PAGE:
6 days, £1,340
Lecturer: Dr Xavier Bray
The eighteenth century was an uneventful chapter in the history of Spanish painting. Foreigners dominated, and the prettiness of Rococo vitiated the traditional strengths of naturalism and expressionistic intensity.
The arrival of Francisco de Goya y Lucientes into this enervated world had an explosive effect. Goya’s early years were spent in unpropitious circumstances having been born in a remote village on the Aragonese plain. He learnt his craft in the equally unpromising location of Zaragoza before escaping to Madrid. At first he made little headway in this more competitive environment, but after a couple of years in Italy his fortunes began to change.
Upon returning to Madrid, he was employed in making cartoons for the Royal Tapestry Factory. His astonishingly candid portraits were no barrier to his rapid rise to success, and in due course he became Principal Painter to the King and Director of the San Fernando Academy.
However, the experience of the Napoleonic occupation and the War of Independence, and an illness which led to deafness, stimulated some of the most nightmarish images in the history of art.
The tour is timed to include two temporary exhibitions, ‘Goya: in times of war’ at the Prado, to commemorate the 200th anniversary of the beginning of the War of Independence, and ‘Goya and Italy’ (a provisional title) in Zaragoza.
DAY 1: LONDON TO ZARAGOZA—fly at c. 9.30 am from London Heathrow to Madrid, then by high-speed ‘AVE’ train to Zaragoza—a walk includes the basilica of El Pilar with ceiling paintings by the youthful Goya—overnight Zaragoza.
DAY 2: ZARAGOZA—the Fine Arts Museum hosts an exhibition ‘Goya in Italy’—a savings bank displays Goya works in its Plateresque patio—private visit to the Archbishop’s Palace to see Goya’s portrait of his predecessor—outside the city, the monastery of Aula Dei with Goya frescoes in its church—overnight Zaragoza.
DAY 3: FUENDETODOS, MADRID—drive to Fuendetodos, where Goya’s childhood home survives; the Museum of Etching contains his complete works—Goya’s ceiling paintings at the hermitage in Muel—train from Zaragoza to Madrid—visit the Prado, one of the greatest art galleries in the world—overnight Madrid.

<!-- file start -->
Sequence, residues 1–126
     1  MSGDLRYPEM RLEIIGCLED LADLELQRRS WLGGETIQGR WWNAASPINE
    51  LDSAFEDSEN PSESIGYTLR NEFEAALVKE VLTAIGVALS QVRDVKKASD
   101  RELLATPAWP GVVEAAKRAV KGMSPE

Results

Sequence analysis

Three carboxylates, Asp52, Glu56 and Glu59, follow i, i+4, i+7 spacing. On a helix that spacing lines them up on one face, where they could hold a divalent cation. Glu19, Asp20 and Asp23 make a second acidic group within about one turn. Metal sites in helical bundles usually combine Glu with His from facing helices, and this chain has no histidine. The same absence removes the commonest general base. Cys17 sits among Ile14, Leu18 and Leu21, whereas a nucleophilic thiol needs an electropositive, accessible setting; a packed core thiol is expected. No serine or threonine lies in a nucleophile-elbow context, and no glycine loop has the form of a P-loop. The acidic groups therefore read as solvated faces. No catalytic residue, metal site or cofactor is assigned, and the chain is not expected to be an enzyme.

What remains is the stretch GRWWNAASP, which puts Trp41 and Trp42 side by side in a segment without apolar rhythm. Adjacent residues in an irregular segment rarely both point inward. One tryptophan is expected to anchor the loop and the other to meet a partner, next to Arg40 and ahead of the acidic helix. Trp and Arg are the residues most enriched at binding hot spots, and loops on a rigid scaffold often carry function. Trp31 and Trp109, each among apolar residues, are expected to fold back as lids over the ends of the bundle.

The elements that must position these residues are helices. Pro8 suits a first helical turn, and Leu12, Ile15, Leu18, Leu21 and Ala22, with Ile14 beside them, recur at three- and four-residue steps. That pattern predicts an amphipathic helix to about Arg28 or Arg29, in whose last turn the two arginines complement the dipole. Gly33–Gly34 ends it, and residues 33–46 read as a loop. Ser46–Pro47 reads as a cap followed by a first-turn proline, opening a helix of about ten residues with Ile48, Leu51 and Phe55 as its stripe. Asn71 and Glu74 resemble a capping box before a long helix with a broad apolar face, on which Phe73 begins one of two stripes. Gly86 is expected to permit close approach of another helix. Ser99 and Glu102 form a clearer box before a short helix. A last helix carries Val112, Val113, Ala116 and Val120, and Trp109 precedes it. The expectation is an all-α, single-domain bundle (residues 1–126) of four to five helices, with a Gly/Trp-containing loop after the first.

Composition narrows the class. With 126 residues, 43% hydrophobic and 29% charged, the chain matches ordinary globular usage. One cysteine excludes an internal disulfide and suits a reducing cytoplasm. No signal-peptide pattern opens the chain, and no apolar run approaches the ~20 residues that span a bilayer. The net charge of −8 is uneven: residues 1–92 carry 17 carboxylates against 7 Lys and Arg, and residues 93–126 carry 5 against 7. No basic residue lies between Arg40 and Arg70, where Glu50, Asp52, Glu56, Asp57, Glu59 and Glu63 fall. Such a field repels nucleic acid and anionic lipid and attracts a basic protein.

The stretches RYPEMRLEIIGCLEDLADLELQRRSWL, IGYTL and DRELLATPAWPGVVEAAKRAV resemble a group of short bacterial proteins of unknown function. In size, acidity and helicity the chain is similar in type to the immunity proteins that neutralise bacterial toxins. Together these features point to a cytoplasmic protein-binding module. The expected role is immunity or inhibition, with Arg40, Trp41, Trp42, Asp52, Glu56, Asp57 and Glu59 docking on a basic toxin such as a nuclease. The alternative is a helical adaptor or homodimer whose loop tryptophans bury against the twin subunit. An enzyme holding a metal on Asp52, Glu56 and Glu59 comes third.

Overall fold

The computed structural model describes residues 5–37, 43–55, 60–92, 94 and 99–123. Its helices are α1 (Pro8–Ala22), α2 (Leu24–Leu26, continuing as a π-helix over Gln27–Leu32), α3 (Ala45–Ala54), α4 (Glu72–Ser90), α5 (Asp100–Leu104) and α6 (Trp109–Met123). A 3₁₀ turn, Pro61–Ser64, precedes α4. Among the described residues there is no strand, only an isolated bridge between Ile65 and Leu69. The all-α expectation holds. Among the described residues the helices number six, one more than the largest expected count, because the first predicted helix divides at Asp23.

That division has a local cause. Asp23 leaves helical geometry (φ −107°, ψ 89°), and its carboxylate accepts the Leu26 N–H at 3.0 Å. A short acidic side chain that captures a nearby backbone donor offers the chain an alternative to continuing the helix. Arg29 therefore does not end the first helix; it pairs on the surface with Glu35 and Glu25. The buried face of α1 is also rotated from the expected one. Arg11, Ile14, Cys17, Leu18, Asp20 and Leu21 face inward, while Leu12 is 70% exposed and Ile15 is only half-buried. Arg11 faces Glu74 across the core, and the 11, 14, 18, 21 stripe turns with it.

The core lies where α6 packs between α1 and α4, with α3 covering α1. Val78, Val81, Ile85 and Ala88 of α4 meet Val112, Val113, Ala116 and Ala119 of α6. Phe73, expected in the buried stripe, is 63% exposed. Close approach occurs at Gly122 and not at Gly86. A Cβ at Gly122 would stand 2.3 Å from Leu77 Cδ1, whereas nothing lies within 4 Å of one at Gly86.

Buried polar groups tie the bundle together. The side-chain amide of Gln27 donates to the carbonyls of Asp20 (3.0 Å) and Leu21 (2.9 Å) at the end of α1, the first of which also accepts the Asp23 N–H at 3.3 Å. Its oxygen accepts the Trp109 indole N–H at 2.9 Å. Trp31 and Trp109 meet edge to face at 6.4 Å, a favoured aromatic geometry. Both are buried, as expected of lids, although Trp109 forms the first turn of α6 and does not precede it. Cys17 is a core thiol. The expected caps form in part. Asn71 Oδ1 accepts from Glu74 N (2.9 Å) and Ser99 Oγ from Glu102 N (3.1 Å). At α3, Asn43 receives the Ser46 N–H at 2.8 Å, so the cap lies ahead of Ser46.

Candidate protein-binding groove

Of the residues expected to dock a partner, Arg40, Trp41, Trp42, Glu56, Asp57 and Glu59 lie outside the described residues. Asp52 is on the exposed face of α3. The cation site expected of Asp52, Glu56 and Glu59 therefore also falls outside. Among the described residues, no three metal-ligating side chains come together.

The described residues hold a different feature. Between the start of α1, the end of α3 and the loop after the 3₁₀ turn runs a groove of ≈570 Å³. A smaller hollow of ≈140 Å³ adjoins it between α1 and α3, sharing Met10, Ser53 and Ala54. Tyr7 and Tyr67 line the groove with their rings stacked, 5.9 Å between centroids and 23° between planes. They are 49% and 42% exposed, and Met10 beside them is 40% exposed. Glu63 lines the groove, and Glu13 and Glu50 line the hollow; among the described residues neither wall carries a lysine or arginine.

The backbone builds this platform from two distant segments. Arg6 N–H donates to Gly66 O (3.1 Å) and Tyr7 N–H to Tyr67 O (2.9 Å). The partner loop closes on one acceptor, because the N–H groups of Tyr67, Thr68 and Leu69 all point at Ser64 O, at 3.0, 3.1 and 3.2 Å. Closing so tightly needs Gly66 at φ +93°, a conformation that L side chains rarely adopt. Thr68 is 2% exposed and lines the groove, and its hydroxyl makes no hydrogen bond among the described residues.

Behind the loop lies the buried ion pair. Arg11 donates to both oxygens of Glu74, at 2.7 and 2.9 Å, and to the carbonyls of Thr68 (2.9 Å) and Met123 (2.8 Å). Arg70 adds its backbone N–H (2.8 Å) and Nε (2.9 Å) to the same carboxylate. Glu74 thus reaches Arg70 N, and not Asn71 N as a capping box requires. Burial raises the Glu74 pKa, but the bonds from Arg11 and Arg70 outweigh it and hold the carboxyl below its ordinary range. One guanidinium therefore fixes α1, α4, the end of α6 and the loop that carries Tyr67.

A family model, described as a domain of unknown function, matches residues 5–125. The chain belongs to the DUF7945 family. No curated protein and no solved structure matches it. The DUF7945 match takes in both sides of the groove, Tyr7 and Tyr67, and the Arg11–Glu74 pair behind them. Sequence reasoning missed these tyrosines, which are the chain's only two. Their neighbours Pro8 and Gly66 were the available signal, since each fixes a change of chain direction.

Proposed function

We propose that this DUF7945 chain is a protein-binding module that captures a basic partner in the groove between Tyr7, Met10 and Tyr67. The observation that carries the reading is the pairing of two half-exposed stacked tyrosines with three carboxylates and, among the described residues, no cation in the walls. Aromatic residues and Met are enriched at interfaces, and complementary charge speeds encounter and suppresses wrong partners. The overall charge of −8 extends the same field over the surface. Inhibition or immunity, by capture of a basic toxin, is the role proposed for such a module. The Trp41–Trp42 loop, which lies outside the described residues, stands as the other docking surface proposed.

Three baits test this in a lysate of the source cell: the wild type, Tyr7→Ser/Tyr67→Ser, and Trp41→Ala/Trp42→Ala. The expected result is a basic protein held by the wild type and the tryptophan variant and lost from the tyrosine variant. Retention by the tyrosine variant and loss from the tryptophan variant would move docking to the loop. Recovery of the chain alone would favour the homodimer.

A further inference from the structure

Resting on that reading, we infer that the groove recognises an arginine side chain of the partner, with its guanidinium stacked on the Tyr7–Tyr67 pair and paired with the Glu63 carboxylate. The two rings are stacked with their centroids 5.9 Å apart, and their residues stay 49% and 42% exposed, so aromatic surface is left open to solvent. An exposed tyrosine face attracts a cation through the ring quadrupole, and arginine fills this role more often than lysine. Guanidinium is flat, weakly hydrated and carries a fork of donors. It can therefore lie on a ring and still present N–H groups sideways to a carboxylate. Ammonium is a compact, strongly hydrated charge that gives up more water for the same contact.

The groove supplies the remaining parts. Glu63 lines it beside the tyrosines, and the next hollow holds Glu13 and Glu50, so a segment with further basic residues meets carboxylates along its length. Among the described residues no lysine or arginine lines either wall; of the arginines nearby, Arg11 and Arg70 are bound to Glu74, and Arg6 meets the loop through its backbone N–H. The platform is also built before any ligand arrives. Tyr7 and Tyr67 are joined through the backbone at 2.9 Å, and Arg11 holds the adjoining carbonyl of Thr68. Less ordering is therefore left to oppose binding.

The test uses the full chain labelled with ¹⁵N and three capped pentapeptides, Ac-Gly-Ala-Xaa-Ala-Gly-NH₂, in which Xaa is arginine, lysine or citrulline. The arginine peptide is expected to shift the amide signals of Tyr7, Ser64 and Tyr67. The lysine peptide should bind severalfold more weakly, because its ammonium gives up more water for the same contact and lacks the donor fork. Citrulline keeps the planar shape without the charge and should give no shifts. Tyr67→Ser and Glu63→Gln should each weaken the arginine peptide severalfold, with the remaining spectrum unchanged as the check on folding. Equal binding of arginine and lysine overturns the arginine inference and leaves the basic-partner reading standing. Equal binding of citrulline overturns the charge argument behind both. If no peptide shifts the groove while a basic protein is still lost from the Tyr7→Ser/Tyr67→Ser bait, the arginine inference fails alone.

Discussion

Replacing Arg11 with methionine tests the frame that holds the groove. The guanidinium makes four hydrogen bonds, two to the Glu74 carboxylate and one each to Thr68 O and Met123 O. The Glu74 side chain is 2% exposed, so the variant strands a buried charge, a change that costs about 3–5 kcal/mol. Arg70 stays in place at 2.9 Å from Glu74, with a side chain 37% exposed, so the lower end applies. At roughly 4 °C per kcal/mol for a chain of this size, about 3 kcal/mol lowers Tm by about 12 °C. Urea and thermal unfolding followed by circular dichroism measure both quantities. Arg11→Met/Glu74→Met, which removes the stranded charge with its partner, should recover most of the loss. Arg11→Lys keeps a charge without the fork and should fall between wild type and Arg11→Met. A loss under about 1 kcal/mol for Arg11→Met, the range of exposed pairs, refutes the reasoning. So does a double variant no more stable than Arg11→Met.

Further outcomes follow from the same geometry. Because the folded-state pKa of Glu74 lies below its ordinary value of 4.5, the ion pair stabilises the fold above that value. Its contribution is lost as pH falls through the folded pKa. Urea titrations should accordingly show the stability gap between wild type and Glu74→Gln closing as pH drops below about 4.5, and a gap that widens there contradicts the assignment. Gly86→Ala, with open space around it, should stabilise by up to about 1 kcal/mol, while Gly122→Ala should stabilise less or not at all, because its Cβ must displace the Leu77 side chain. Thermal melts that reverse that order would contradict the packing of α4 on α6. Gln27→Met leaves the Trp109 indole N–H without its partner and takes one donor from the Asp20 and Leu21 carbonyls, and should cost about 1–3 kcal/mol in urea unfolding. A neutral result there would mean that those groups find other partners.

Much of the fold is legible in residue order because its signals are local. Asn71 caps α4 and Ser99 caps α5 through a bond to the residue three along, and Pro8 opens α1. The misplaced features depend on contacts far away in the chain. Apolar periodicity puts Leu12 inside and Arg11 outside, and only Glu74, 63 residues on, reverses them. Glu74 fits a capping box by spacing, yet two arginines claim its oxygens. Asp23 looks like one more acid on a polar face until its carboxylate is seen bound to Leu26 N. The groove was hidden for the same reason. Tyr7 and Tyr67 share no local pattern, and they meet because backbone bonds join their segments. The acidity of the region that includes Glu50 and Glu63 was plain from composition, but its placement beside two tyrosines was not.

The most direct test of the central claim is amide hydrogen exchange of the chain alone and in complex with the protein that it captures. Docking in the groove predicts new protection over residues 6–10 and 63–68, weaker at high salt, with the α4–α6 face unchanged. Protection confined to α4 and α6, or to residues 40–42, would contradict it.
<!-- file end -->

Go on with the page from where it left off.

DAY 4: MADRID—paintings and etchings by Goya at the Academy of San Fernando, his Francisco de Cabarrús at the Bank of Spain, further works in the 18th-cent. Basilica of San Francisco el Grande, more in the Lázaro Galdiano Museum—free time; option of the Royal Palace, which has works by Tiepolo, Mengs and Goya (may close without notice).
DAY 5: MADRID—return to the Prado; here is the largest collection of paintings by Goya, and the exhibition ‘Goya in times of war’—free afternoon; linger in the Prado, or time for Retiro Park or the Thyssen-Bornemisza Collection.
DAY 6: MADRID—visit the Royal Tapestry Factory where Goya worked as designer for twenty years—San Antonio de la Florida is filled with impressionistic works by Goya; the artist is buried here—fly to Heathrow, arriving c. 6.45 pm.
Price: £1,340 (deposit £200)–this includes: air travel (economy class) on scheduled British Airways flights (aircraft: Airbus 319), high-speed rail travel (AVE) between Madrid and Zaragoza (club class)–coach travel for airport transfers and excursions–accommodation as described below–breakfasts and 4 dinners with wine, water and coffee–admission to museums and exhibitions–gratuities for drivers, guides, waiters etc.–airport and state taxes–the services of the lecturer–single supplement £175–price without flights £1,240.
Dr Xavier Bray: art historian specialising in Spanish art and sculpture, currently Assistant Curator of 17th- and 18th-century European Paintings at the National Gallery, London–exhibitions co-curated include El Greco (2004), Caravaggio: the final years (2005) and Velazquez (2006).
Hotels: in Zaragoza (2 nights) modern, 4-star, comfortable and excellently situated–Madrid (3 nights) a small and excellently located hotel, walking distance from the major museums and opposite the Prado, rated locally as 4-star–dinners are at selected restaurants.
How strenuous? There is quite a lot of walking on this tour, and a lot of standing around in museums–average distance by coach per day: 15 miles.
Small group: between 10 and 22 participants.